The Equipment Leasing and Finance Association (ELFA), which represents the $725-billion equipment finance sector, recently revealed its Top 10 Equipment Acquisition Trends for 2013.
Given that every year U.S. businesses, nonprofits and government agencies spend more than $1.2 trillion in capital goods or fixed business investment (including software), financing more than half of those assets, these trends impact a significant portion of the U.S. economy. Businesses considering acquiring equipment this year will consider numerous end-user benefits while weighing continued uncertainty related to economic conditions and fiscal policies.
The Top 10 Equipment Acquisition Trends for are as follows.
1. Corporate perceptions of the economic outlook will be a primary driver of business investment decisions. Despite pressing considerations such as technological innovations and aging equipment, the economy will be the true barometer for whether or not businesses acquire new equipment in 2013.
2. Equipment investment will pick up in the second half of 2013. Equipment investment will grow this year, although the rate of growth will be hampered by fiscal uncertainty. Some companies will remain cautious about taking on large capital investments despite the fact that important decisions impacting short-term fiscal stability have been made. Equipment acquisition activity will gain momentum through relief from the policy uncertainty that brought the economy to the edge of the fiscal cliff. An improving housing sector will provide an added boost.
3. Pent-up demand will spur investment across varied equipment types. Demand for replacement equipment will drive investment in construction, agriculture and transportation categories in particular, while other equipment types will await the replacement cycle. However, greater economic improvements will be needed before significant equipment investment expansion takes place.
4. A continuing low interest rate environment will enable companies to acquire the equipment they need and conserve cash. The prospect of continued low interest rates at least through 2014 will be an incentive for businesses to acquire equipment through financing and still hold on to their cash for uncertainties. In addition to maintaining cash flow, equipment financing will help businesses preserve capital and improve expense planning in challenging economic conditions.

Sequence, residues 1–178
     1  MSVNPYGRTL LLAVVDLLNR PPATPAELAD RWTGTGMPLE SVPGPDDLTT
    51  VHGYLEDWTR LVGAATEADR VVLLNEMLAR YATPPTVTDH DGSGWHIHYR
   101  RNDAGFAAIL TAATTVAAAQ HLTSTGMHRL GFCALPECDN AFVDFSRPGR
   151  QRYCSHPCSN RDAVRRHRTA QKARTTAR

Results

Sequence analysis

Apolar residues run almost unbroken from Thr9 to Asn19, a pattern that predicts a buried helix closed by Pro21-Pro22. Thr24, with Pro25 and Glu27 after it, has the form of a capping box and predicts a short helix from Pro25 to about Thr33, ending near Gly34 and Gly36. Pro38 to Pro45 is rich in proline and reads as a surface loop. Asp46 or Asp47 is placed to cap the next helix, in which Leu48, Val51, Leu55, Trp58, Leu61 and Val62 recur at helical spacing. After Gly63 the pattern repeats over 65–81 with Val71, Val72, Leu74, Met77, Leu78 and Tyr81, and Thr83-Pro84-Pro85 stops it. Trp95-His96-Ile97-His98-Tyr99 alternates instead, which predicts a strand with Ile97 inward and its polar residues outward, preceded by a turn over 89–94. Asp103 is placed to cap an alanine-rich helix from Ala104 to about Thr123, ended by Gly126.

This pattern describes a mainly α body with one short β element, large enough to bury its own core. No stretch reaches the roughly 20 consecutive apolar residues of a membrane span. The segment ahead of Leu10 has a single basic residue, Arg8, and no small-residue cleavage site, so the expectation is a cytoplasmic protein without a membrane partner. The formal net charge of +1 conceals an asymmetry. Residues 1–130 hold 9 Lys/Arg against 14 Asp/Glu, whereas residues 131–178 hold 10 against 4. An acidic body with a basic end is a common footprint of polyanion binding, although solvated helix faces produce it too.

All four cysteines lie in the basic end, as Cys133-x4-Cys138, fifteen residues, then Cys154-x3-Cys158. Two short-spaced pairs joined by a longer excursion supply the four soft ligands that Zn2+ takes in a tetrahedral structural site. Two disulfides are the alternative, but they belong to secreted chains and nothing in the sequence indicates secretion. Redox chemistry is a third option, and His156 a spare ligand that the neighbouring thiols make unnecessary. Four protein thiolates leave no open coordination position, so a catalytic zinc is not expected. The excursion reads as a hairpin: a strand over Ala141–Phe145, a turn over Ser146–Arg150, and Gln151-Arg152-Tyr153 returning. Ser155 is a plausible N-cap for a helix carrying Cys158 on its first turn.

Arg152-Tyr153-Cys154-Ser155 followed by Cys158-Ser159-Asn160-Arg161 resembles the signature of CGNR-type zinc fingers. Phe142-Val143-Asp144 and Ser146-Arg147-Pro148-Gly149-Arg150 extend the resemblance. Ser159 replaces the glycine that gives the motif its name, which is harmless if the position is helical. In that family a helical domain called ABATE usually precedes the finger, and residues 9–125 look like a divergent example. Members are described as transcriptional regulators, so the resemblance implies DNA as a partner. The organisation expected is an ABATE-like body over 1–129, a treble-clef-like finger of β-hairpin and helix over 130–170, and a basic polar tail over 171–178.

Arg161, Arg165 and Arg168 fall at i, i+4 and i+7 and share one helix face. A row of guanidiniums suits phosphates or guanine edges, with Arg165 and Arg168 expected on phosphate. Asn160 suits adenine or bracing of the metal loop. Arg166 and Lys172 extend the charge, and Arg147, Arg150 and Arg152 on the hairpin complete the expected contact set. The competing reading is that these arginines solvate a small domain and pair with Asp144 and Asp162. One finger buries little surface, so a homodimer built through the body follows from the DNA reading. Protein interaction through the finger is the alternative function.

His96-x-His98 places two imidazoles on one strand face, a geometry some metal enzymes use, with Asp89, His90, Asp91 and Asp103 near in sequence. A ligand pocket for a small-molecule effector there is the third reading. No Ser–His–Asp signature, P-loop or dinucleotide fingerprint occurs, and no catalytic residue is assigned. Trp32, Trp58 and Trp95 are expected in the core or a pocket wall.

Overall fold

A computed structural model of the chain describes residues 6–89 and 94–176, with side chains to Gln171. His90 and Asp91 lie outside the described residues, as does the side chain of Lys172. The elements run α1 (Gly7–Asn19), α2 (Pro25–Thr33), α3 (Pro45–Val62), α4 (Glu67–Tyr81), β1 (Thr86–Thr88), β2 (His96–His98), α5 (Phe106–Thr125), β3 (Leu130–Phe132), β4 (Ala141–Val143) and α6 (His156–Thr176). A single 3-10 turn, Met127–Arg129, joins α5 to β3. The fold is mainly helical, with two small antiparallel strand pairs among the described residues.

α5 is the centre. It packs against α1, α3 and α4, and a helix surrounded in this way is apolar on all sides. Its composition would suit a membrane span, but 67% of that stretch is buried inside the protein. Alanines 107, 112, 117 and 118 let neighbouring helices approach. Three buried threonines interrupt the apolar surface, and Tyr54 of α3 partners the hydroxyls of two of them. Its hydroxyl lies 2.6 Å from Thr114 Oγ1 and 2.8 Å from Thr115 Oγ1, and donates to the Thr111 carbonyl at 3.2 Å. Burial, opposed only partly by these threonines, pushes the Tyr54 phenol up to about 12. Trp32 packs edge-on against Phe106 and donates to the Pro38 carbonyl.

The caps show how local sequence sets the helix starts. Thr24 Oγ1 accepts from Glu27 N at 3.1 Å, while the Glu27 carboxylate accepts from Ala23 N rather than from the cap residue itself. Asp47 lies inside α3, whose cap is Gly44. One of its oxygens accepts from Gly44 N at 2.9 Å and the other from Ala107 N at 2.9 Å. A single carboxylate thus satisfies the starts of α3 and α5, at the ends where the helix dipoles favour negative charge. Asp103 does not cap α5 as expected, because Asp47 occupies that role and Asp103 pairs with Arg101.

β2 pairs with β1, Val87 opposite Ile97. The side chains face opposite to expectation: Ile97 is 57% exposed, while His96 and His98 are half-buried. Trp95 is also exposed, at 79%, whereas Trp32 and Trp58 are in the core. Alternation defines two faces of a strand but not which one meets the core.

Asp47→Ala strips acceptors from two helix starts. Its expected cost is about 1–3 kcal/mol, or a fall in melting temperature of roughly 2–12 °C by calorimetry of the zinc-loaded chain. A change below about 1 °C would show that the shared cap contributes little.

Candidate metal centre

5. A majority of U.S. businesses will use some form of financing for equipment acquisition. In 2013, $742 billion (55%) of the projected $1.3-trillion investment in plant, equipment and software investment in the United States will be financed through loans, leases and lines of credit. Seven out of 10 businesses will use at least one form of financing to acquire equipment.
6. Business size will impact equipment acquisition. Size will matter when acquiring equipment in 2013. Primarily larger businesses anticipate increasing equipment spending over the next 12 months. Small companies’ high degree of concern about general economic conditions and less access to credit will temper their equipment acquisition plans.
7. The gaining prominence of cloud computing will transform the way businesses pay for information technology investments. Along with changes in how companies consume software and hardware, cloud computing will spawn new financing options. Companies will look to equipment financiers for variable payment structures in the cloud.
8. Credit market conditions will remain favorable for long-term equipment financing. Businesses will generally find an improving credit supply as they consider equipment acquisitions.
9. The one-year extension of bonus depreciation may provide incentives for businesses to acquire equipment. The continuation of the depreciation bonus will allow businesses to deduct up to 50% of the cost of new equipment purchases in 2013.
10. Although the value of lease financing will remain, businesses will begin to adapt their equipment acquisition strategies to comply with long-awaited changes to lease accounting standards.
A new draft of proposed changes to lease accounting standards by the Financial Accounting Standards Board and the International Accounting Standards Board should be announced this year, enabling businesses to begin to evaluate how their balance sheets, earnings and other financials will be affected by equipment-financing agreements.